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Re: Proposal: Compositional CSP

From: Artur Janc <aaj@google.com>
Date: Tue, 13 Jun 2017 11:44:38 +0200
Message-ID: <CAPYVjqrjwPrU8esmUQPQgm2wSzkaKGjG=_DPurQ=CRYMFEap6A@mail.gmail.com>
To: Stefano Calzavara <calzavara@dais.unive.it>
Cc: WebAppSec WG <public-webappsec@w3.org>
Hi Stefano,

Thanks for sharing the proposal! I read your paper and wanted to share some

First of all, the problem you're tackling -- the insecurity of CSP
whitelists -- is definitely important, and the solution based on separating
the responsibility for defining the policy between the developer and widget
authors seems decidedly more flexible than the status quo. Introducing this
separation could make the job of developers easier and make policies more
maintainable, since the developer wouldn't have to worry about changes to
the resources loaded by their widget (assuming adoption of your proposal by
their authors).

Second, I like how your proposal fits into the existing state of CSP, in
that you've considered the backwards compatibility and how it might be
deployed in practice, and paid attention to conceptual similarity with
current CSP. If we had the ability to define whitelists more flexibly, I
imagine that this could also go hand in hand with alternative proposals for
adopting CSP, such as the nonce-based approach, and allow developers to
enforce both kinds of restrictions as they see fit.

The main area where I see difficulties is the granularity of whitelist
definitions. That is, currently a large majority of developers define their
whitelists at the granularity of an origin, without enumerating individual
JS resources. The reason for doing so is that in many complex applications
it is non-trivial to list all scripts which are loaded by the application,
even without taking into account scripts indirectly loaded by widgets.
While a developer could enumerate all their directly loaded scripts, this
introduces a significant maintenance burden because the policy would have
to be continuously updated as the application changes. So even if we have
composition, developers would still likely whitelist the origins of their
non-widget resources, commonly 'self' and CDNs.

For similar reasons it is not always feasible for widget authors to know
the exact locations of scripts which might be loaded by their widgets at
runtime -- locations of the resources might depend on dynamic
configurations, messages from the embedding origin, etc. As an example, the
top origins of "Script Providers" in Table 2 in your paper are
www.googletagmanager.com and apis.google.com. The former is a container
which allows the loading of user-defined analytics scripts and other
resources, and the server doesn't know which resources will be fetched when
the script executes. The latter is an entry point for exposing a wide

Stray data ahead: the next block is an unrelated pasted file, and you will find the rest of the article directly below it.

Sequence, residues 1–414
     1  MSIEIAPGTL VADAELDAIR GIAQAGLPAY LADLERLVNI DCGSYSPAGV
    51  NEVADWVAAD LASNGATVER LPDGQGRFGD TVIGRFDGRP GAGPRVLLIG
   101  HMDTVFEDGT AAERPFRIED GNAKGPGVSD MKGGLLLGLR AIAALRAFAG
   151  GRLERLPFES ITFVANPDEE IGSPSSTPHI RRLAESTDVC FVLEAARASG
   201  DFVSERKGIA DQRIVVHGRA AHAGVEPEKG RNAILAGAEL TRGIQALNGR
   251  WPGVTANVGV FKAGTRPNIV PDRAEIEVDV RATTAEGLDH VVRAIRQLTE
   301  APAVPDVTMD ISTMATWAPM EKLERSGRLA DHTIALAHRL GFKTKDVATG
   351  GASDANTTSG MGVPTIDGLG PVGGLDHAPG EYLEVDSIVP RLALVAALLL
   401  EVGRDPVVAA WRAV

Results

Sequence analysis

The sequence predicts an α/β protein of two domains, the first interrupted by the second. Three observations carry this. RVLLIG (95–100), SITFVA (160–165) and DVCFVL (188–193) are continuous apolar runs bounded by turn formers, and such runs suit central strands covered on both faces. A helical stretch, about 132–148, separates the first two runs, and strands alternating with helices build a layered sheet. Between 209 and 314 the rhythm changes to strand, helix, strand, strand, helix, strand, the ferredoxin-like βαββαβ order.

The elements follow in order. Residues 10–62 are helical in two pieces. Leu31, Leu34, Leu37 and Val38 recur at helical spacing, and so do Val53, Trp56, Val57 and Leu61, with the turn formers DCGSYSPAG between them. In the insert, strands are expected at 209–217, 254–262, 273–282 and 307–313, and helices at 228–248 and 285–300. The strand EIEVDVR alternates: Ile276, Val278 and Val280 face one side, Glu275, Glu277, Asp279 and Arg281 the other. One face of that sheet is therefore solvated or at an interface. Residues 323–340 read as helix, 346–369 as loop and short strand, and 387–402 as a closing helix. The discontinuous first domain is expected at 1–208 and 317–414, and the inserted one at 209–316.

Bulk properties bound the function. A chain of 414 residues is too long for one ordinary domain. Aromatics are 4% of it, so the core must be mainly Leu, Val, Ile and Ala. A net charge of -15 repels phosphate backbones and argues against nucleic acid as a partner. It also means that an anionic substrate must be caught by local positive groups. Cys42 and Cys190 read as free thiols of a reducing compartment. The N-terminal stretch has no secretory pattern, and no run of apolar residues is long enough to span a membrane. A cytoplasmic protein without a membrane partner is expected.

variety of APIs which the developers can use once they include the loader,
and it also doesn't a priori know which modules will be loaded. In neither
of these cases is it easy to define the exact subresource locations for the
widget; and if the author defaults to an origin-level whitelist, this
results in an insecure policy, just as currently when the developer
whitelists the entire widget origin.

Perhaps another complication is the situation where the widget uses JSONP
or a similar pattern (as is the case e.g. in
https://apis.google.com/js/api.js?onload=user_callback). Since this
resource must be allowed by the policy, neither the developer nor the
widget author can prevent an attacker with an HTML injection from using the
same endpoint to execute arbitrary functions.

Overall, I like where your proposal is going, and I think composition is a
useful concept. However, I'm not entirely convinced that solving the
problem of composition without solving the problem of source expression
granularity (and the adoption/maintenance costs of doing so) will result in
policies which have significantly better security properties than what we
currently see. Perhaps tackling the whitelist granularity issue could be an
interesting complement to your current work ;-)


On Fri, Jun 9, 2017 at 10:16 AM, Stefano Calzavara <calzavara@dais.unive.it>

> Dear WebAppSec members,
> our research group at Università Ca' Foscari Venezia has been working on
> CSP during the last few months. Based on the analysis of real-world
> scenarios, we observed that the static nature of CSP white-lists creates
> troubles at configuring CSP correctly. Strict CSP (based on nonces) is
> definitely a step in the right direction, but we believe it does not solve
> all the issues we found in the wild, such as HTTP redirects and
> advertisements. We are thus proposing Compositional CSP, an extension of
> CSP where the enforced content security policy is built from an initial
> policy written by the page developers and the policies supplied by the
> providers of the included contents.
> The results of our research will be presented at USENIX Security 2017, you
> can find a pre-print of the paper attached to the present email. I hope you
> will enjoy the reading and that our idea could be inspiring to address the
> expressiveness issues of CSP we identified. Do you think Compositional CSP
> could be helpful in real browsers?
> Best,
> --
> Stefano
Received on Tuesday, 13 June 2017 09:45:33 UTC

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